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Permitting for Glamping site - Part I

Just imagine that you have acquired a piece of land in a beautiful natural area with access to mountains, forests, or a beach. And have you ever dreamt of running your own glamping business on that land with a few dome structures, A-frames, tiny cabins, or bell tents? Have you reflected on how the business will look, how much the rent will be, how much time it will take to run, and what kind of profits and lifestyle you could have running the business? But did you ever think about the legal aspect of the business? Or, in other words, how to make this all legal with permits and zoning? This must be Step #1 in your journey to own a glamping business.

In this blog, we will go into details on the zoning and permit process and what it takes to successfully acquire land and make it possible.

glamping mountain location

We think we should start from the very important topic - what your zoning inspector will be looking for. There is no simple answer, as all municipal and county district requirements will be a bit different. Zoning is not like federal law, which is the same for everybody. It may vary a little or a lot from one place to another. Names and definitions may be the same, but details could be different.

The key to understanding the zoning in your county is to start speaking and understanding the language of the zoning ordinance: what you may call a short-term rental may be called a campground, what you call a commercial dwelling unit is called commercial use, etc.

At the very start of planning the glamping business, right after you settle on the location, you need to clearly understand what it is that you are going to do.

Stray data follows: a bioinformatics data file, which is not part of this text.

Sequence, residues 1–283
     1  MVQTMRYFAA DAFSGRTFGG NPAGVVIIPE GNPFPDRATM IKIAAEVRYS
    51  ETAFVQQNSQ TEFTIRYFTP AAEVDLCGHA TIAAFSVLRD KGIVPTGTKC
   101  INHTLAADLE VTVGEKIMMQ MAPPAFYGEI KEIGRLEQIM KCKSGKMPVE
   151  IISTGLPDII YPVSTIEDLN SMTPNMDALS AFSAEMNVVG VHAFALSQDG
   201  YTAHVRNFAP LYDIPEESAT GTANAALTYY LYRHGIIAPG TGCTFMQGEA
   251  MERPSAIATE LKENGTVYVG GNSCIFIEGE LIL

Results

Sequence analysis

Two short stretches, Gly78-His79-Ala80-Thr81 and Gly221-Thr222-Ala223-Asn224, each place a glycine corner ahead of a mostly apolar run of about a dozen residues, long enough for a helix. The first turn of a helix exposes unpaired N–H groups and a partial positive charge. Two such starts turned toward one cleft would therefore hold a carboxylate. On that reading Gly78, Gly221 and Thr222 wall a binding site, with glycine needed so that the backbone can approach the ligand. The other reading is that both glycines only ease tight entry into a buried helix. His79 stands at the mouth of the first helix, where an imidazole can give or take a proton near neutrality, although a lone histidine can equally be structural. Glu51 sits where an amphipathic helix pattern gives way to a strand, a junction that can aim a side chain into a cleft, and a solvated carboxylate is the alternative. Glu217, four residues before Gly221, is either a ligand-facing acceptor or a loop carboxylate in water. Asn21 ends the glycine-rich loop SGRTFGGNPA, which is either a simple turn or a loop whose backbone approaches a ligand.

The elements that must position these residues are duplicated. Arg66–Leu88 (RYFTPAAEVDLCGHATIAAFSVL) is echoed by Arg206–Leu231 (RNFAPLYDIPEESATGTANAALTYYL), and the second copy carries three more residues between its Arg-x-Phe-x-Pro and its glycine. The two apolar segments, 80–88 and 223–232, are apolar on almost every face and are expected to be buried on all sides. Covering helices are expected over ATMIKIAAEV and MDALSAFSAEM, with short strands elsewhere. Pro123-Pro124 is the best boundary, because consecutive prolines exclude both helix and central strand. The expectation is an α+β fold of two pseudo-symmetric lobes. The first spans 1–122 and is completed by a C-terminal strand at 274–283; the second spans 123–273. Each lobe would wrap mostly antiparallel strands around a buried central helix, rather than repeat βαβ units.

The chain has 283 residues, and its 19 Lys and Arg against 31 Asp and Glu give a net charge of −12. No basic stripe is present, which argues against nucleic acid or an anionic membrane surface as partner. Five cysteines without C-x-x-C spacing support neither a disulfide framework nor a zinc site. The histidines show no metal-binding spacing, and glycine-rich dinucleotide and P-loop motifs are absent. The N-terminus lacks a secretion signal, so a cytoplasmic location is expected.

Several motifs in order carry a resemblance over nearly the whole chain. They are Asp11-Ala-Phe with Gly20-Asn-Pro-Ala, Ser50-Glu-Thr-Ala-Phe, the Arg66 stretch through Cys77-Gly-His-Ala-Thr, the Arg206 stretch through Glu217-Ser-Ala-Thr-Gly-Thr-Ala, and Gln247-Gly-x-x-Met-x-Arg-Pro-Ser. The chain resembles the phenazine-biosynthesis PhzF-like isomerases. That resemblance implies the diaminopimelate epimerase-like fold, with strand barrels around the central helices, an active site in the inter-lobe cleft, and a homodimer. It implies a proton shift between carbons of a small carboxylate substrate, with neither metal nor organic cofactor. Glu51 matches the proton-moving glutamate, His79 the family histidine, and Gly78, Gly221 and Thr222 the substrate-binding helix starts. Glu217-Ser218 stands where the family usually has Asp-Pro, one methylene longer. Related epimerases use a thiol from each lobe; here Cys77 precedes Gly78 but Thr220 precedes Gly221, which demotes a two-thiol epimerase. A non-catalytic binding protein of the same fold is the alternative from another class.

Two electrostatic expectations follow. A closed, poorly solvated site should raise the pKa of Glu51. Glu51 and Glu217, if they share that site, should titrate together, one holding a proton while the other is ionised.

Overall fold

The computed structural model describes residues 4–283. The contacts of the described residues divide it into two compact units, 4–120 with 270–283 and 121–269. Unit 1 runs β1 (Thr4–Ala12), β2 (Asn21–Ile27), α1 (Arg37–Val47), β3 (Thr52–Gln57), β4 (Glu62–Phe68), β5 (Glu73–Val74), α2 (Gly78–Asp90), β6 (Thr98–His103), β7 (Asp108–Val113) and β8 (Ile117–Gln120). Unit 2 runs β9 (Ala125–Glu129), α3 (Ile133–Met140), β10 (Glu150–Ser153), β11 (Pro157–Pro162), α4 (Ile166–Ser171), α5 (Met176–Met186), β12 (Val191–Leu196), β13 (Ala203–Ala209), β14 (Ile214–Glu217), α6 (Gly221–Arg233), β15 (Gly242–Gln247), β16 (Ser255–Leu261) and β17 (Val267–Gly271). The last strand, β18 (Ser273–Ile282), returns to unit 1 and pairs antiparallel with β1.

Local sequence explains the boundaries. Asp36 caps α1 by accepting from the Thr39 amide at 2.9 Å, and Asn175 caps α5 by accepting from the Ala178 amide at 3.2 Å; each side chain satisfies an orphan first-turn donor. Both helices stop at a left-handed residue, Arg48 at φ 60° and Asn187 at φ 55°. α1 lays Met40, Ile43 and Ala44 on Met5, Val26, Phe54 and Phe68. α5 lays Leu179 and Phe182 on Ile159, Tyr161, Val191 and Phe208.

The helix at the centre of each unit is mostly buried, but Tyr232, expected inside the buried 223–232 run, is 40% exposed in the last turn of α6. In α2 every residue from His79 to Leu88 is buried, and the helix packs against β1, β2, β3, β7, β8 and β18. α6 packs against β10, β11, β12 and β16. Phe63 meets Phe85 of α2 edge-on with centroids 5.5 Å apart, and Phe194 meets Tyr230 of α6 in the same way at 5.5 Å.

Plan your structure type: container, A-frame, yurt, dome, airstream, tiny house, or other. Then, go to the zoning ordinance of that county or municipality and read through the definitions and allowed uses to figure out what this is called that you are going to do. You have to know the exact term to call your business in the world of zoning. It may be completely different from what you have been calling it, like a campground or a vocational ground.

Then, once you've decided on a name, you want to read about its allowed uses. It can be:

(a) By right: You're just allowed to do it; or

(b) Conditional: You need to comply with a few requirements; or

(c) Special or conditional use: You need to apply for and get a conditional or special use permit.

So, to reiterate, before you commit to or buy a piece of property, find out what the local zoning ordinance will call your business and what uses are permitted for that exact location! This may save you a lot of time and money.

If you do not complete this step, you may be forced to change your zoning in order to carry out your glamping plan or apply for a variance. And these processes are almost never easy and cheap.

But if you already own the land or just fell in love with a particular property and are ready to do whatever it takes, you can still make it work. It will just need more time and more money to comply with all the conditions and permits.

beachfront glamping location

Here is a good time to talk about variances in permits. Sometimes the situation is already too far gone to turn around: the land is purchased, the platforms for the accommodations are half built, and the inspector hands you a violation notice simply because this type of use is not allowed on the property. You can try to get what is called a variance for this land use. It will most likely not be easy, as you may need to meet certain requirements, be cheap, or happen quickly, but it is possible.